Do you remember Grace Coddington’s Amish editorial? From late summer, 1993, “The Great Plain” looks forward to Schitt’s Creek and today’s back-to-the-land trend. It also features two Vogue Sport dress patterns.
The Vogue team travelled to rural Pennsylvania for the shoot. In the opening spread and barnyard square-dancing sequence, Christy Turlington wears simple dresses, made up in cotton broadcloth from Sutter Textiles.
As part of its recent Mary Quant exhibit, the V&A shared a pattern for an early Quant design. The Georgie dress dates to the Bazaar days, before Quant’s deal with Butterick.
The V&A’s Georgie dress— purchased new in Truro, Cornwall — is striped cotton lined with cotton batiste.
As Quant’s archive shows, the dress was also available in taffeta-lined chiffon as the Rosie, in black, pink, or jade.
The Georgie pattern was developed from Quant’s original by London’s Alice & Co Patterns, a mother and daughter team with a connection to the museum: the younger generation, Lilia Prier Tisdall, works there as a costume display specialist.
The dress has a surplice bodice, three-quarter sleeves, pleated skirt, and sash belt. For the original’s lively, reverse stripe effect, cut the skirt on a different grain than the sleeves and bodice.
The pattern gives detailed instructions, including for the pleated trim.
As a salute to our health care workers, this post is dedicated to vintage patterns for nurse’s uniforms.
During the First World War, McCall’s sold commercial patterns for war work, including nurse’s uniforms, as well as official Red Cross patterns.
Few of these antique patterns seem to have survived, but the Commercial Pattern Archive has the unisex Red Cross operating gown:
This illustration shows a nurse dressed for surgery in the gown, McCall Special R, and helmet Special S. (For more, see Patterns for the Great War.)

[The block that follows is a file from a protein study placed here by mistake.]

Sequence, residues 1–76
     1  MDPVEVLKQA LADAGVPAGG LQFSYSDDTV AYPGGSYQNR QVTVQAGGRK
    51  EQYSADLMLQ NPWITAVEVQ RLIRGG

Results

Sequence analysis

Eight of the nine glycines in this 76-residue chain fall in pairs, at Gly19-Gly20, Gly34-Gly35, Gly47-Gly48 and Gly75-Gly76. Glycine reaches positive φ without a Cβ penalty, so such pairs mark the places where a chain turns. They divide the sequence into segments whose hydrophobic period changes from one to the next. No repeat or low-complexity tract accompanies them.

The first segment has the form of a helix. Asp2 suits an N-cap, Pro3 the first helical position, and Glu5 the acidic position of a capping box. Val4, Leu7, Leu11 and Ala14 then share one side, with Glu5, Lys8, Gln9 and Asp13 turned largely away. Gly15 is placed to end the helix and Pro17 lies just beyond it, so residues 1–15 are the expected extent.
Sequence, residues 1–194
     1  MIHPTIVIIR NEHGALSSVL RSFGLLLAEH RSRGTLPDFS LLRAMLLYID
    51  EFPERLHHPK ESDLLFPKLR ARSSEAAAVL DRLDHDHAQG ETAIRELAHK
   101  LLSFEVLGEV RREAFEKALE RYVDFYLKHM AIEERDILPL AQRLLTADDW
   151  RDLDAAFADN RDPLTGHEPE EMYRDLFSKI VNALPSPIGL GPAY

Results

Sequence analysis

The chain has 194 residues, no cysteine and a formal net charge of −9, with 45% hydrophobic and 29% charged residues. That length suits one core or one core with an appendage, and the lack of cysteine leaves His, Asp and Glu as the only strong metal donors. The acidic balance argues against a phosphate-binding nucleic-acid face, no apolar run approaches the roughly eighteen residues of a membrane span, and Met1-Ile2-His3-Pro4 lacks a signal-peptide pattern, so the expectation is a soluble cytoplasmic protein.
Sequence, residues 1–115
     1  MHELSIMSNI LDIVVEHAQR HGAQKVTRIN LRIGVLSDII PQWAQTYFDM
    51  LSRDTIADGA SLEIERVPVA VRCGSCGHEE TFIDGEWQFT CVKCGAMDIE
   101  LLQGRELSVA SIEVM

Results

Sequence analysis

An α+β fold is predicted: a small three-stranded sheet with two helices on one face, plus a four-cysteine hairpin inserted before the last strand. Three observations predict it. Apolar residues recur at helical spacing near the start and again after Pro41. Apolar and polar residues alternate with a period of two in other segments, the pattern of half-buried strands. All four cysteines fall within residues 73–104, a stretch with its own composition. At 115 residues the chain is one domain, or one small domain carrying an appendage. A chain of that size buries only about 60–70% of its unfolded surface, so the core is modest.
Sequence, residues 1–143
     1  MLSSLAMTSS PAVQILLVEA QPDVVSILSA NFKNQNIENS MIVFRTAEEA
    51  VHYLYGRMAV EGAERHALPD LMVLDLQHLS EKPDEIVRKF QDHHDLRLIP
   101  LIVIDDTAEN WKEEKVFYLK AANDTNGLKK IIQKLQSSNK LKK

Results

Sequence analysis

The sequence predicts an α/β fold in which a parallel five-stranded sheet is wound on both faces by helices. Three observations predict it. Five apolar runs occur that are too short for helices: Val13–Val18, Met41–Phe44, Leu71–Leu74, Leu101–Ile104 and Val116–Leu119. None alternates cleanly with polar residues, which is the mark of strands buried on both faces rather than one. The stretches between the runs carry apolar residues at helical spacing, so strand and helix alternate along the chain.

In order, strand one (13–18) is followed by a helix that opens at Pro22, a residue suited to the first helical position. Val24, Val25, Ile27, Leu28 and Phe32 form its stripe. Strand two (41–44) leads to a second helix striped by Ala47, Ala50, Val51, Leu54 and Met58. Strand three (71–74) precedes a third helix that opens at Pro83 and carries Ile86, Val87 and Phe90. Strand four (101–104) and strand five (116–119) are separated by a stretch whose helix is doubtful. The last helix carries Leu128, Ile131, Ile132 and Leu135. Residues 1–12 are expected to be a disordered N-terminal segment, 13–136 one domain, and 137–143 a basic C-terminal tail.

Nurses wore similar protective wear during the Spanish Flu epidemic of 1918-19. This archival photo shows a local Hamilton estate, Ballinahinch, that was donated for conversion to a hospital during the pandemic.
Twenties-era patterns for nurse’s uniforms always seem to include the cap. This design dates to circa 1921, just before McCall’s patented the printed pattern.
This drop-waisted uniform was still available two years later, but with a much higher hemline.
The Vintage Pattern Lending Library sells reproductions of this late 1920s design. Swap in a contrast Peter Pan collar and cuffs and it doubles as a maid’s uniform.
Andrea Cesari has several nurse patterns in her collection. The description for this one reads, “A uniform whose trim lines always look smart. The absence of fussy detail assures perfect laundering.”
This early ’30s uniform is similarly sensible. (View on Etsy.)
From Vogue, a late ’30s uniform that also includes a pintucked shirtdress:
During the Second World War, dressmakers could again sew Red Cross nurse’s uniforms, as well as commercial designs. This back-buttoned nurse’s uniform from Simplicity includes the apron, but not the cap.
As in the previous World War, Red Cross patterns were available from many companies. McCall’s and Simplicity both sold patterns for the Red Cross Volunteer Special Service Corps. Here, the envelope stipulates: “Must be made in poplin; veil may be made in chiffon, georgette, voile, or lawn.” This uniform was not intended for hospital workers.
The next year, the veil and white contrasts were gone. (Compare Cesari’s equivalent, Simplicity 4626.)
This McCall’s retail catalogue shows the Special Service Corps uniform with two other Red Cross patterns, with a note that they were only available by special order.
After the war, patterns for nurse’s uniforms return to their peacetime selves, fashionable yet practical — in this case with a three-piece shoulder pad. Do you have any uniform patterns in your collection?